According to official estimates, India has approximately 4 million domestic workers. However, independent research shows that this figure is at a minimum of 50 million. These workers are often referred to as the “help” which puts them in the large informal sector where they have no legal recourse for safety and welfare issues. With lockdown measures being eased, families and offices are eager to have their domestic workers return. However, they usually use local transport, live in small quarters and work in a number of locations. These 7 safety tips may help to reduce the risk of transmission and ensure that both employers and domestic workers remain safe during the pandemic after they return to work.
Safety Precautions For Domestic Workers To Help Reduce The Transmission Risks Of COVID-19
Provide Them With Masks And Gloves
Face masks and gloves are essential for all domestic workers. The N95 mask offers the best protection but these masks are only required for healthcare workers as they work in high-risk environments. These masks are designed to be worn for about 8 hours, so their effectiveness will be greatly diminished if they are used regularly for days, weeks or even months on end. According to the most recent World Health Organisation guidelines (1), reusable fabric masks are recommended in public settings, workplaces and when using public transport. Fabric masks should consist of 3 layers – an outer layer of polyester material, a middle layer of a non-woven material such as polypropylene and an inner layer of cotton material. You should provide your domestic worker with such fabric masks and a pair of thick rubber gloves that can be washed and reused daily. This simple safety precautions for housekeepers can go a long way.
Clean Masks And Gloves Regularly
Ideally, you should set aside at least 2 sets of reusable masks and gloves for your domestic worker. Keep the mask and gloves outside your door so that she can put them on before he/she enters and take them off as they leave. It is also advisable to wash reusable masks and gloves with soap water on a daily basis and dry them in the sun.
Everyone In The Premises Should Wear A Mask
Masks serve two purposes – they reduce the number of viral particles expelled by an infected individual and they prevent those air-borne viral particles from entering the respiratory systems of those they come in contact with. This is why it is best if everyone wears masks, especially in offices and public settings.
Create Specific Work Areas And Maintain A Distance
Research (2) shows that the risk of infection is halved with every extra meter of distance up to 3 meters. Create specific work areas for your domestic worker so that you are able to maintain a distance of 3 meters or more. Ensure that you are complying with the social distancing protocol at a domestic level too.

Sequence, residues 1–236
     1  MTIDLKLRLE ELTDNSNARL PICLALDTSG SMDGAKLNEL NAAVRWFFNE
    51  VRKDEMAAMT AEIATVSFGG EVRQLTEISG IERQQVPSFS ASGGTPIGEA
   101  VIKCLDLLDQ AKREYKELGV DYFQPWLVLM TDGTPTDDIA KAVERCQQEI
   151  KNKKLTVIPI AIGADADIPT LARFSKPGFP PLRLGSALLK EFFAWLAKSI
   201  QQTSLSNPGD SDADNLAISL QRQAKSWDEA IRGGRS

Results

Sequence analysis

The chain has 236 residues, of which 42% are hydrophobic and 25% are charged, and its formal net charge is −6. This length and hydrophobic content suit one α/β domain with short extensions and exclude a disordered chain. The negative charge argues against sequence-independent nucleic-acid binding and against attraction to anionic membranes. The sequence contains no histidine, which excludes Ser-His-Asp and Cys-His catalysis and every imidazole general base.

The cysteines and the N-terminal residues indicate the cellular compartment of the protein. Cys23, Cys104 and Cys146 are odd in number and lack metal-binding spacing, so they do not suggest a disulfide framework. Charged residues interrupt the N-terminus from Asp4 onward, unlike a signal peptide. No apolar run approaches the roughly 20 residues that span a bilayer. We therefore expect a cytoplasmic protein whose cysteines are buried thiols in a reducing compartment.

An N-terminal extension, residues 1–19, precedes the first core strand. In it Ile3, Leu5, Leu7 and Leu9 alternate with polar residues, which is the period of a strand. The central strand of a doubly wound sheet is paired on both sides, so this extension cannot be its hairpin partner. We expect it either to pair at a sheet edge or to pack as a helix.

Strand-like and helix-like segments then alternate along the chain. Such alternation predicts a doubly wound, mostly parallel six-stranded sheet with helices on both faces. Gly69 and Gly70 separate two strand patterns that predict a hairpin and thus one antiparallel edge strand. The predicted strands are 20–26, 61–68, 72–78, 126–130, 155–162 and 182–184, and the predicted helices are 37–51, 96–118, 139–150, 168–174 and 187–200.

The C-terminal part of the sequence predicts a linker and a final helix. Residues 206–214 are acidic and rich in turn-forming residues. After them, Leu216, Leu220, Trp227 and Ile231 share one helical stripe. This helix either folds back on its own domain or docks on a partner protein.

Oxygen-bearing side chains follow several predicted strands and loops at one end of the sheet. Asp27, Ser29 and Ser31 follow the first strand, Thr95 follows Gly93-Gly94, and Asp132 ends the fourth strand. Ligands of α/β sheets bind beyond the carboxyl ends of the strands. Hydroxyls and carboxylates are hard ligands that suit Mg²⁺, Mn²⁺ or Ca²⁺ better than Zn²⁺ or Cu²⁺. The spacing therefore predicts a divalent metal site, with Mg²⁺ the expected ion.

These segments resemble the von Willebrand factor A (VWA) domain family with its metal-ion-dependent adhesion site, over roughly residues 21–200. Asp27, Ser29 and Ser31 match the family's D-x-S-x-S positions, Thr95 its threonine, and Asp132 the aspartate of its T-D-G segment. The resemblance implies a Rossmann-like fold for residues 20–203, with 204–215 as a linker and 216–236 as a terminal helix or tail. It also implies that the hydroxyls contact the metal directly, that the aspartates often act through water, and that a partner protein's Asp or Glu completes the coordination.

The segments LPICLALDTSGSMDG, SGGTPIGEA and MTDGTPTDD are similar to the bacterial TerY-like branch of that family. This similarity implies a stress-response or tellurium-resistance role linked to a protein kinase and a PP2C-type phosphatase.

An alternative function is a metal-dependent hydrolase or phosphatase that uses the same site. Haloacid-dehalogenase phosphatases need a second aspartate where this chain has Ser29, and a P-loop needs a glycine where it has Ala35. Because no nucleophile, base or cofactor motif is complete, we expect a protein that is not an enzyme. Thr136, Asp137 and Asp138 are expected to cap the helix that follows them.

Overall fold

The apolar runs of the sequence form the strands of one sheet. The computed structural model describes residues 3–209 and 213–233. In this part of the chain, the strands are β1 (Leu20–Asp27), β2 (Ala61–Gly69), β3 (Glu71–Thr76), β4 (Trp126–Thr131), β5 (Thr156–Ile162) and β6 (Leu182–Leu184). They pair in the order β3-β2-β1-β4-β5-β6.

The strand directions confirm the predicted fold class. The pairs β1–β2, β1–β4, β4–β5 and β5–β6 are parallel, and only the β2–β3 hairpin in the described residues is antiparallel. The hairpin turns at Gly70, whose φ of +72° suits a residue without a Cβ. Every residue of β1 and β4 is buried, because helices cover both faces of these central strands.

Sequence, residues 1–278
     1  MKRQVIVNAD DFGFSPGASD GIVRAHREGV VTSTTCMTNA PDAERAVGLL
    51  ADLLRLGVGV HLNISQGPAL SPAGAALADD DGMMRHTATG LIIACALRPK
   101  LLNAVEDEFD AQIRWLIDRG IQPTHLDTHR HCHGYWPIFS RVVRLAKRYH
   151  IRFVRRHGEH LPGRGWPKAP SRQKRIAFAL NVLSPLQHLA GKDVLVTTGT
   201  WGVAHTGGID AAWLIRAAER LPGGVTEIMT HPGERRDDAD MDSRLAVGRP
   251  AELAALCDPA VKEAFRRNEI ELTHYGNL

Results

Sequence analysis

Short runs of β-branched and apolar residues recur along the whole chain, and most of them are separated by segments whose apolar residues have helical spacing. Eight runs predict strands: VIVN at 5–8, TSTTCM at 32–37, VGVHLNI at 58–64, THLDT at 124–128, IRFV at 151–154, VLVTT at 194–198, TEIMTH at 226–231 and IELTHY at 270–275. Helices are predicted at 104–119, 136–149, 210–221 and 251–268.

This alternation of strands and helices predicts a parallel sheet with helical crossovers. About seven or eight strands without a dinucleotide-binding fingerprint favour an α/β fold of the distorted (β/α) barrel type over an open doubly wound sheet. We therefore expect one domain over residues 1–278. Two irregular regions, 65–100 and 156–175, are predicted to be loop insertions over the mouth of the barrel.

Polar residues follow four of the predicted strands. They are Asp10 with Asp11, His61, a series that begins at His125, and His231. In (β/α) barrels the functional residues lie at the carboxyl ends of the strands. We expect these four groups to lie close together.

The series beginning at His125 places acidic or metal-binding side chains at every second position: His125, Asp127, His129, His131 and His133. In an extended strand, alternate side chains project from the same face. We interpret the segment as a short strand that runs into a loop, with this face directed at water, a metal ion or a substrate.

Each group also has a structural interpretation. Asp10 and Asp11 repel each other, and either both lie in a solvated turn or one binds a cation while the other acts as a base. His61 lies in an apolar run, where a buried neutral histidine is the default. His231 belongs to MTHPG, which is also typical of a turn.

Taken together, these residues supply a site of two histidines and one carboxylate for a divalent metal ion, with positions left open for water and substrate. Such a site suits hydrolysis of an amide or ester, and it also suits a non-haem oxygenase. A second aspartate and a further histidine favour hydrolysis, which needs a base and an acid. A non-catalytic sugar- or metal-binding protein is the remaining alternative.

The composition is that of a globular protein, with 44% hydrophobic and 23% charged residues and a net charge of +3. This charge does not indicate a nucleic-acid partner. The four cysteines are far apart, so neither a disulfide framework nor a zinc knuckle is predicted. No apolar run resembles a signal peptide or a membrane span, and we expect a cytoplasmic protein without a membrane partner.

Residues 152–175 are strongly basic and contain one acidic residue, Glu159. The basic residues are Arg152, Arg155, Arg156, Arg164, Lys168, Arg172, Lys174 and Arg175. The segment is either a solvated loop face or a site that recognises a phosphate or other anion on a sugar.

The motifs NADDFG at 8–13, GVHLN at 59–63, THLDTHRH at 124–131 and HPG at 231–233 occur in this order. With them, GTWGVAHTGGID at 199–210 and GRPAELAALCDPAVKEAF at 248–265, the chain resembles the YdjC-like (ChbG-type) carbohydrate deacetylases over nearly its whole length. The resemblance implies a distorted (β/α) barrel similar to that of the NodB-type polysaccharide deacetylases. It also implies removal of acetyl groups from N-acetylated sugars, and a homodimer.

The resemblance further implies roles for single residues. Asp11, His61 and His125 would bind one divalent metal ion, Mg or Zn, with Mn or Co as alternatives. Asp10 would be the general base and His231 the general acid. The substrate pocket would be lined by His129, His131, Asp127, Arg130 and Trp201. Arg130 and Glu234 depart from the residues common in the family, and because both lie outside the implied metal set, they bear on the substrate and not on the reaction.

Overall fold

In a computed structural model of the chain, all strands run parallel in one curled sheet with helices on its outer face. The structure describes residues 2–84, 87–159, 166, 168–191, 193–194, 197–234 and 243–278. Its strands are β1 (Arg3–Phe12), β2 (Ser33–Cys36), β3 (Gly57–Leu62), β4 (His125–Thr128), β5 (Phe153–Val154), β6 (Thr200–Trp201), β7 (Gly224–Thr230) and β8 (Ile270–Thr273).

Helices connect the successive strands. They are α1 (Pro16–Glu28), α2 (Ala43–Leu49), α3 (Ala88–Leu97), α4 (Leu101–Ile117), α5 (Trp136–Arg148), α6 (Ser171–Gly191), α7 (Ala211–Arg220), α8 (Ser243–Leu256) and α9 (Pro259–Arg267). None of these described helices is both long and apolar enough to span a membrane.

Keep The Area Well Ventilated
According to researchers (3), improving ventilation is vital to limiting the airborne transmission of the virus. Without adequate ventilation, an infected individual can create a “hotspot” of virus-laden air. Furthermore, air conditioners, especially central air conditioning systems, can spread the virus throughout an office which poses a significant health risk if the employees are not wearing their masks. Whenever possible, keep windows open and use large fans to keep the premises well-ventilated. This will make your home a safe workplace for your domestic workers.
Promote Hand Hygiene
Hand hygiene is a critical measure to prevent getting infected with COVID-19. Provide alcohol-based hand sanitizers in your office and encourage all employees to use it frequently. Make sure that the sanitizer contains no less than 60% alcohol. At home, encourage everyone in your family to wash their hands every time they enter the house. According to the WHO guidelines for hand hygiene (4), plain soap is effective in destroying the COVID virus as it dissolves the oil surface membrane that protects the virus. This is not only a safety measure for domestic workers, but for everybody in the house.
Encourage Self-reporting Of Any Symptoms
Indian law protects employees’ rights, which is why employees can avail of paid sick leave when they are unwell. However, domestic workers are not covered by the same laws, which is why they are not eligible for sick leave. Many domestic workers do not self-report their symptoms because they are afraid of what the loss of pay will mean for themselves and their families. Offer your domestic worker paid leave in case of illness so that they are more inclined to self-report symptoms at the earliest which will reduce the risk of transmission.
Safety precautions are only effective as long as they are followed, so make sure that everyone in your family and office follows the rules. While some people think that domestic workers pose a greater risk, it is time that we stopped viewing them as “carriers” and realize that this is a joint struggle against the virus.
- “Update 30 – Use of Masks.” WHO International, World Health Organization, 12 June 2020, www.who.int/docs/default-source/coronaviruse/risk-comms-updates/update-30-use-of-masks.pdf?sfvrsn=eeb24c14_2
- Chu, Derek K, et al. “Physical Distancing, Face Masks, and Eye Protection to Prevent Person-to-Person Transmission of SARS-CoV-2 and COVID-19: a Systematic Review and Meta-Analysis.” The Lancet, vol. 395, no. 10242, 27 June 2020, pp. 1973–1987., doi:10.1016/s0140-6736(20)31142-9.
- Kumar, Prashant, and Lidia Morawska. “Could Fighting Airborne Transmission Be the next Line of Defence against COVID-19 Spread?” City and Environment Interactions, vol. 4, Dec. 2019, p. 100033., doi:10.1016/j.cacint.2020.100033.
- “WHO Community Campaign – Save Lives: Clean Your Hands” WHO International, World Health Organization, June 2020, https://www.who.int/infection-prevention/campaigns/clean-hands/WHO_HH-Community-Campaign_finalv3.pdf?ua=1